How many times have you heard, all the characters sound the same? Probably more than once. One of my exercises the past few months is reading reviews on Amazon. I don’t bother reading the four and five stars. They don’t tell me what I want to know: what a story lacks.
One of the pet peeves of readers I see often is lack of distinct character voice. One reviewer went as far as to give an example of how characters can make themselves individuals and sound more distinct.
Using his example as a guide, I created my own example:
If I stubbed my toe, I’d say damn. If my teenage daughter did the same, she’d say crap. We are different generations—which certainly sets us apart—but we are also different people who grew up in different neighbourhoods.
Quiz – Can you identify the television characters by these comments?
These characters said these words repeatedly. The answers are below.
- “Holy Toledo.”
I thought about how I could use this idea in my own stories, particular my fantasy novels that are home to dozens of characters. What would Bronwyn say in a given situation compared to what Alaura would?
I decided to make a chart for the four main characters starring in Scattered Stones. I know them well, so I have a strong idea of what each would say. By creating the chart, I can consistently use their words when they are thinking or speaking.
Here’s a Sample
Bronwyn Darrow: Rude, considerate, in other words, orc’s curse, I’m sorry
- That was rude.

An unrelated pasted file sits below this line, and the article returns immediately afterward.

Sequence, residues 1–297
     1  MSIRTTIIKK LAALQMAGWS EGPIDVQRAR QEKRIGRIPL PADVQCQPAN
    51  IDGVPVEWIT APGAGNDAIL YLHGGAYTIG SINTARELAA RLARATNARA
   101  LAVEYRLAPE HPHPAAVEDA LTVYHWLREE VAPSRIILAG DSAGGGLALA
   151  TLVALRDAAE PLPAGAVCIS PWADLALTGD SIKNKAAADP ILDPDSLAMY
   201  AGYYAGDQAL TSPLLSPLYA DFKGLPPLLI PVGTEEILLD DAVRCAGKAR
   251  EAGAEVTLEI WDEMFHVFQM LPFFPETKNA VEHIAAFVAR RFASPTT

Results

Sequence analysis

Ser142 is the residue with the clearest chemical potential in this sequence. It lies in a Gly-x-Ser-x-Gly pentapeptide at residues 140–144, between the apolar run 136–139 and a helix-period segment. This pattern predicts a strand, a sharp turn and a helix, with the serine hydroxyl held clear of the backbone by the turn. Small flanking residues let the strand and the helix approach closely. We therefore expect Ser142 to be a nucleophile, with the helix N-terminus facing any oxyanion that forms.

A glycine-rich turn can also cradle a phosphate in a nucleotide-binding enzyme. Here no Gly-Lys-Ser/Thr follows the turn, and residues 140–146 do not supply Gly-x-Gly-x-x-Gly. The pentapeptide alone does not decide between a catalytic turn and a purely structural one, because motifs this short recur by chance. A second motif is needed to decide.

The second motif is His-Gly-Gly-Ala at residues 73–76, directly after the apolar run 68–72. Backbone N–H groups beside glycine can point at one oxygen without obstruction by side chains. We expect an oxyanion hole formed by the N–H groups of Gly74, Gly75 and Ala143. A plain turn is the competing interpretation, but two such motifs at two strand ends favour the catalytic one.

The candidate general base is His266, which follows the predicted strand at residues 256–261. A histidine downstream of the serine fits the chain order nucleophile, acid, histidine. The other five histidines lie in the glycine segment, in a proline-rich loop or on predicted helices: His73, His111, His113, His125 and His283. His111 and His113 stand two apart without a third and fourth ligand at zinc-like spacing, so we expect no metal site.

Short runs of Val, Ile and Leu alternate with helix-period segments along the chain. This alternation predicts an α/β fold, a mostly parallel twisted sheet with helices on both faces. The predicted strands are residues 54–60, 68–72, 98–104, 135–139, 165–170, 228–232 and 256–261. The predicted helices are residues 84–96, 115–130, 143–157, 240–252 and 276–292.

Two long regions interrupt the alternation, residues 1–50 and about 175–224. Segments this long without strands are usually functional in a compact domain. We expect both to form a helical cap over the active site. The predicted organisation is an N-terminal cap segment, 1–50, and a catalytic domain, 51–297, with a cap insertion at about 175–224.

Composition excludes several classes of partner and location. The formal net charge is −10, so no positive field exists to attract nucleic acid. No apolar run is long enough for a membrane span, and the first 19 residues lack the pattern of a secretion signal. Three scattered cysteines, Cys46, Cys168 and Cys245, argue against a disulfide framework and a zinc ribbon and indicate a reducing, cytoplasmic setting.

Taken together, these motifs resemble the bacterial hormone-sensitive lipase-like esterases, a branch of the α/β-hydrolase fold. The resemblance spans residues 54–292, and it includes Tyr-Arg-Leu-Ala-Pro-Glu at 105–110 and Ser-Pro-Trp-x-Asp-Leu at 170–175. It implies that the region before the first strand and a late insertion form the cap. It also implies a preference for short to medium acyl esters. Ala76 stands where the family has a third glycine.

- He is a considerate man.
- In other words, you should come with me.
- Ah! The orc’s curse!
- I’m sorry for not believing you.
Alaura of Niamh: Impolite, compassionate, in other words, goodness, I apologise
- That was impolite.
- He is a compassionate man.
- In other words, you come with me.
- Goodness! Hold on.
- I apologise for doubting you.
Tam Mulryan: Offensive, concerned, she means, grunts, accept my apologies
- It’s offensive.
- He’s a respectful man.
- She means, you’re coming with me.
- He grunted, but otherwise remained silent.
- Please, accept my apologies.
Kellyn Mulryan: Crude, kind, to be blunt (more like), dingleberry/consummated idiot/jerk, sorry
- That’s crude.
- He’s a kind man.
- To be blunt, you’re coming with me. (More like, get your arse over here.)
- Of all the dingleberries!
- “Sorry,” she said, mumbling under breath, “Not like you didn’t deserve it.”
Have you deliberately made a list of sayings to give characters their distinct voice? Or does this come naturally in your story?